<headius> 250MB heap tops out around 1GB total memory so there's a lot of off-heap data
<headius> I think G1 likes a larger heap too
<headius> ok this is a nice result
<headius> 250 max heap, parallel GC, performs like unlimited heap with G1
<headius> 250 + G1 takes a 30% hit over unlimited + G1
<headius> these will be interesting numbers to show that there's configurability for different scenarios
<headius> now I am curious how small I can go
<headius> that off heap data is frustratingly big though
<enebo[m]> this was 1.5G a couple of years ago at least for a long running topped out rubygems.org process only hitting one controller
<enebo[m]> So if it is topping at 1G that is a big improvement (I doubt the other code loaded from rubygems.org is much native memory in the sense we are not hitting it at all)
<headius> ok 100 is too small
<headius> yeah clearly we should spend more time looking at off-heap data because that is by far the lion's share of this small heap run
<headius> ok, 150 is too small too
<headius> I'll just go with the 250MB heap numbers
<headius> doing some 100 concurrent runs to see how things change
<headius> according to system monitor, each Ruby worker is around 110MB resident memory with only about 10MB shared memory
<headius> so 20x5 is 2GB easy
<headius> it is handling the load though
<enebo[m]> headius: are you sure GHA is properly passing password in with MY_PASSWORD?
<headius> MY_PASSWORD?
<enebo[m]> It is in ruby.yml
<enebo[m]> just hard-coding it I think in the file I think it belongs
<headius> for arjdbc?
<enebo[m]> yeah I am trying to run against mysql locally
<headius> it should be
<enebo[m]> I am printing out config before it tells me I am not using a password and there is no password being passed
<headius> I iterated on these configs quite a bit before it seemed to actually connect to DB and work
<enebo[m]> So I think something is not getting hooked up...I guess I should find where the real config is defined
<enebo[m]> ActiveRecord::JDBCError: Access denied for user 'root'@'' (using password: NO)
<enebo[m]> I will poke around I guess
<headius> G1 uses less memory than parallel at large scale
<headius> 100 thread server settling in around 2.1GB (no -Xmx) on G1 vs 3.4GB on parallel
<headius> eeeeeeenteresting
<enebo[m]> hmm I added: password: <%= ENV['MY_PASSWORD'] %>
<enebo[m]> to test/rails/config.yml and I connected
<headius> parallel is kicking out more req/s but at what cost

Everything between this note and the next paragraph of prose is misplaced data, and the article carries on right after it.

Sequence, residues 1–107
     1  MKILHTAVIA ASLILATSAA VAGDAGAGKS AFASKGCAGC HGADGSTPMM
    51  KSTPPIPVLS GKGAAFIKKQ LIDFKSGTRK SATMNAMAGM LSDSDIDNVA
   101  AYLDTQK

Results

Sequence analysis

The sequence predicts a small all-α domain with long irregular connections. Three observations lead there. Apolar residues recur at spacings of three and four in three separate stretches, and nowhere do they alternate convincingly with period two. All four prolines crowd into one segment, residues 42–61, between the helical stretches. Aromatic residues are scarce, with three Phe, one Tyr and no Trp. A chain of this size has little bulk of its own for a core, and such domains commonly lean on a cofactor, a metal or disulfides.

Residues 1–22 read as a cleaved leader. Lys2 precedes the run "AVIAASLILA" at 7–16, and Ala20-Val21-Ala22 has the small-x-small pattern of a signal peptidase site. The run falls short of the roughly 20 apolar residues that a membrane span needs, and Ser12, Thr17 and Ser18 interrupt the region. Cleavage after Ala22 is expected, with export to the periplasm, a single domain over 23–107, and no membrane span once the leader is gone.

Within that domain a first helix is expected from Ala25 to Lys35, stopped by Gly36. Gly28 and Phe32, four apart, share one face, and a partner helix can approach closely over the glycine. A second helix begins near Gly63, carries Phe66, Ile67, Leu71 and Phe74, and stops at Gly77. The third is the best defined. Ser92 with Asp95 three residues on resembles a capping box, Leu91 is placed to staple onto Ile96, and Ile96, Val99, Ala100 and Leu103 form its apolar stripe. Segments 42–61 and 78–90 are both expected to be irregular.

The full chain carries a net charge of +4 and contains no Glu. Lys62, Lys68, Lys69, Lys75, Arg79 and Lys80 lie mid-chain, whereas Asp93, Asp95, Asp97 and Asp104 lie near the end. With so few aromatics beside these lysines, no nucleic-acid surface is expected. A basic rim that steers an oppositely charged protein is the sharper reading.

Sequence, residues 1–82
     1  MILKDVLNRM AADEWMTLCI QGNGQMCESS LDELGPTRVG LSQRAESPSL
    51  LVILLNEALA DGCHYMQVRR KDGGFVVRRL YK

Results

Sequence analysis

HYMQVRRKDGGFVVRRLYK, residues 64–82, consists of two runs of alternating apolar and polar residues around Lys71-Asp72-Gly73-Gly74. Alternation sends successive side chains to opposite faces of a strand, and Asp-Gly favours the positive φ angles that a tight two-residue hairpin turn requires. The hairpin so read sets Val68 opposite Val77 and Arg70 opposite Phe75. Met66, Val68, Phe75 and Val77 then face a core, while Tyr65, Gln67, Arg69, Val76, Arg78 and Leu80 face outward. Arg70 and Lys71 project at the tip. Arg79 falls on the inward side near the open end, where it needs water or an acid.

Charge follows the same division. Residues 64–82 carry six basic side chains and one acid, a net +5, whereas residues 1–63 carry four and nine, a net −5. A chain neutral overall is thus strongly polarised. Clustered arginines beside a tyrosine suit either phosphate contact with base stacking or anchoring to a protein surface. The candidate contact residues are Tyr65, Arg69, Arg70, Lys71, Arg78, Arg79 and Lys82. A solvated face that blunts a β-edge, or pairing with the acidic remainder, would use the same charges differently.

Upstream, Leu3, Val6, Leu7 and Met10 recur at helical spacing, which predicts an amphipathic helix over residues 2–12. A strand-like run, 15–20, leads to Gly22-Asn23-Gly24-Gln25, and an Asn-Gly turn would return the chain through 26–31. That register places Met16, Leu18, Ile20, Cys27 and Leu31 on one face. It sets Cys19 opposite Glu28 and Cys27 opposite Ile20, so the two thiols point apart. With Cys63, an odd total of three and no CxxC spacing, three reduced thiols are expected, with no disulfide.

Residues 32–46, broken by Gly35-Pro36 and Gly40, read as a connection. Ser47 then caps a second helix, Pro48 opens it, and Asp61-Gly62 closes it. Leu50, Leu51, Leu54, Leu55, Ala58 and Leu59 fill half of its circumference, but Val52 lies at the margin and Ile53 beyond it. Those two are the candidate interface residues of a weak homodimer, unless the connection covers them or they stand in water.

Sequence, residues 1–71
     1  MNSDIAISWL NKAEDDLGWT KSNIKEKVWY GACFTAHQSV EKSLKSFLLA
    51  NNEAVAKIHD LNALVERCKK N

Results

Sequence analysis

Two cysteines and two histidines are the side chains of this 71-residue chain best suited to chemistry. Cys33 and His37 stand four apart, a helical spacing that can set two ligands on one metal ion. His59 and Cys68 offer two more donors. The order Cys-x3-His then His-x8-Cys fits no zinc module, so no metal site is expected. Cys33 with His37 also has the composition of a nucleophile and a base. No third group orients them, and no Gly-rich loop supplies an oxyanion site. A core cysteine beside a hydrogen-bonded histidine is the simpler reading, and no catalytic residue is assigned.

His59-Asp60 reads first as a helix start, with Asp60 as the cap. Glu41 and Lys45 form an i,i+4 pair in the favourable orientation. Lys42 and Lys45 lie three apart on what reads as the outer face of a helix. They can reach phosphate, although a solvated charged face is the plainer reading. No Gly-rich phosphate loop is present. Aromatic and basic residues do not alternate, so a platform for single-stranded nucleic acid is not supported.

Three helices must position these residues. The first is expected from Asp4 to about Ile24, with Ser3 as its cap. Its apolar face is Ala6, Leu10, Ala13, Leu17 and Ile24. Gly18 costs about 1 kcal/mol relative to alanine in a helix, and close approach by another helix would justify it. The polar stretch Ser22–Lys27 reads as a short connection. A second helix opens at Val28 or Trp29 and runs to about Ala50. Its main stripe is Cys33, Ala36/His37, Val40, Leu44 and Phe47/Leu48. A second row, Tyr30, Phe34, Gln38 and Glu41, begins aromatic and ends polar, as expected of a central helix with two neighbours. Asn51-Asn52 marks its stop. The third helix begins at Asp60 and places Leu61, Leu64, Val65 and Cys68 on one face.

<enebo[m]> I didn't make a db it expects but that is somethign else
<headius> enebo: the GHA runs start mysql in a docker container too I believe, so it should be similar for you
<enebo[m]> yeah so I needed that line to run but it is possible somehow it is provided by another means
<headius> fwiw I never got it running locally, I just leaned on GHA
<enebo[m]> ./rakelib/db.rake: params['-p'] = ENV['MY_PASSWORD'] if ENV['MY_PASSWORD']
<enebo[m]> This appears to just be for manually creating/loading mysql locally (without docker)
<enebo[m]> This is pretty elaborate. IT may work somehow on GHA
<enebo[m]> I think in travis this just had a local mysql in the image
<enebo[m]> anyways this is not important today
<headius> ok looking good to have some show off numbers
<headius> got some other trip prep to do... I will work from the plane and can update talk up until mid-afternoon tomorrow
<enebo[m]> ok
<kares[m]> seeing nice improvement numbers even with the bench_create - indy gets 5-6x faster than non-indy
<kares[m]> non-indy on 17 is slower than on 11 though - by around 20%
<enebo[m]> kares: for keywords more IR is getting emitted (on call side if ** is involved)
<enebo[m]> which is more common in Rails
<enebo[m]> Ok I am getting some AR tests executing now for mysql
<kares[m]> interesing ... also an observation leading to smt about argument handling:
<kares[m]> - on 17 there isn't a difference between create() vs create(some => hash)
<kares[m]> - create() (no args) is 3x faster than when args are used on Java 11 (no indy)
<enebo[m]> new method reload_type_map in native connector (I just made it return context.nil for now)
<enebo[m]> Every receive instr is looking at last arg as hash a little more (pre 9.4) since it might be a keyword hash
<enebo[m]> Not a lot of logic but some
<enebo[m]> headius: I would be surprised if mysql isn't already working
<enebo[m]> I get tons of passing tests but the test abort later on assuming a connection pool which is seemingly not there
<enebo[m]> but it created the data stuff and was definitely hitting that data
<enebo[m]> bleh. I think this is another parallel worker issue
<headius> If I remember right mysql just patched specific methods rather than being a full copy like SQLite, is that correct? If so then there may not be much work to update it since it inherits most of its functionality
<enebo[m]> They both largely use AR source
<enebo[m]> SQLite only has one copied file but the connection adapter is almost entirely AR code
<enebo[m]> mysql mighth ave less but it is similar
<enebo[m]> postgres is the deviant
<headius> Well if it looks like it's working share your my sequel docker setup and I'll try to get some numbers on that
<headius> Mysql
<enebo[m]> yeah
<headius> Did you push pre-release gems for all three adapters?
<daveg_lookout[m]> I'm seeing the following warning in logs after update to + OpenJDK 11:
<daveg_lookout[m]> Is this of interest and warrant an issue? I can narrow it down if so